The unintended consequence: every time Izzie eats anything, she goes,’yuuuuuuuuummmm nom-nom-nom’ until she swallows. Then she takes another mouthful, and it’s ‘yuuuuuuummmmm nom-nom-nom’, and no matter how many times I tell her the other kids will think her weird if she moans over every mouthful, she steadfastly refuses to listen.

How to avoid: don’t feed your baby.

7. Feeding off your plate

Description: when your baby sits on your lap as you eat your dinner, you find yourself tempted to answer the question: ‘Would my baby like broccoli? A chip? Jalapenos?’ (NB for any social workers reading this, that last one’s a joke). So you pick up a morsel of food from your plate and find that, lo and behold, a love of barbecue pork ribs is another thing you have in common.

The unintended consequence: from now on, everything you have on your plate, no matter what it is, where you are, or what time of day, it’s fair game. That little chubby hand will reach for cutlery, crockery, burning hot potatoes, boiling stew, spicy curry, burgers, ice cream, pizza (you can see I have a great diet). And if you tell her it’s your food, and she’s already eaten, it’s like talking to someone who doesn’t speak English. Who’d have thought it?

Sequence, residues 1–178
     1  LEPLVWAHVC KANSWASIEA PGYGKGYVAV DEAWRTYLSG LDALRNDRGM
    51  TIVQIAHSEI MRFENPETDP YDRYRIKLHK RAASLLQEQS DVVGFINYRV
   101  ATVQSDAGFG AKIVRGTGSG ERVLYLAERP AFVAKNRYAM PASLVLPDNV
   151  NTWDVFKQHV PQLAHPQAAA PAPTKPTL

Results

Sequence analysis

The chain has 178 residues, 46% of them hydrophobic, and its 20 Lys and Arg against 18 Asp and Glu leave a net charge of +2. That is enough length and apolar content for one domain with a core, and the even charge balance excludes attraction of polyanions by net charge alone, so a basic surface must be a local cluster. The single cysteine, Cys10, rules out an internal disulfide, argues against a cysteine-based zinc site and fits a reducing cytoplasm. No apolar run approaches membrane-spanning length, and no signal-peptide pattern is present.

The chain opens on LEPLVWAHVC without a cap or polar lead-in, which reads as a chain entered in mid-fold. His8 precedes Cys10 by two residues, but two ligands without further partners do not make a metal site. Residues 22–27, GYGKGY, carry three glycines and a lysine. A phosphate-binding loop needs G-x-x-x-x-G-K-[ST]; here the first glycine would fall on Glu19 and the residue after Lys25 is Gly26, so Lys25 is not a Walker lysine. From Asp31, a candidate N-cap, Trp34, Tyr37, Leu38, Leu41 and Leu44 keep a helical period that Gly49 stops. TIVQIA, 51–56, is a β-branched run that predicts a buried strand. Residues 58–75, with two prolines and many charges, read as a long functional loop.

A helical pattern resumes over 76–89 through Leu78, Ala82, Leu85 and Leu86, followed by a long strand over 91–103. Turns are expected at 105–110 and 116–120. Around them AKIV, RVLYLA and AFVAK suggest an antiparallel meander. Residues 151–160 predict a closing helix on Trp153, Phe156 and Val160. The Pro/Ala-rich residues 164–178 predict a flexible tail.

How to avoid: don’t feed your baby (see point 6 for further details).

8. Wafer bribes

Description: your baby screams whenever you put her in her play pen. So you decide, quite naturally, to give her a wafer to munch on when you put her in there. That way, she’ll associate the play pen with happy thoughts, and won’t scream.

The unintended consequence: now, whenever Izzie goes into the play pen, she looks around with a ‘where the hell’s my gosh-darned wafer?’ kind of expression on her face. Then screams. You’ve merely delayed the inevitable.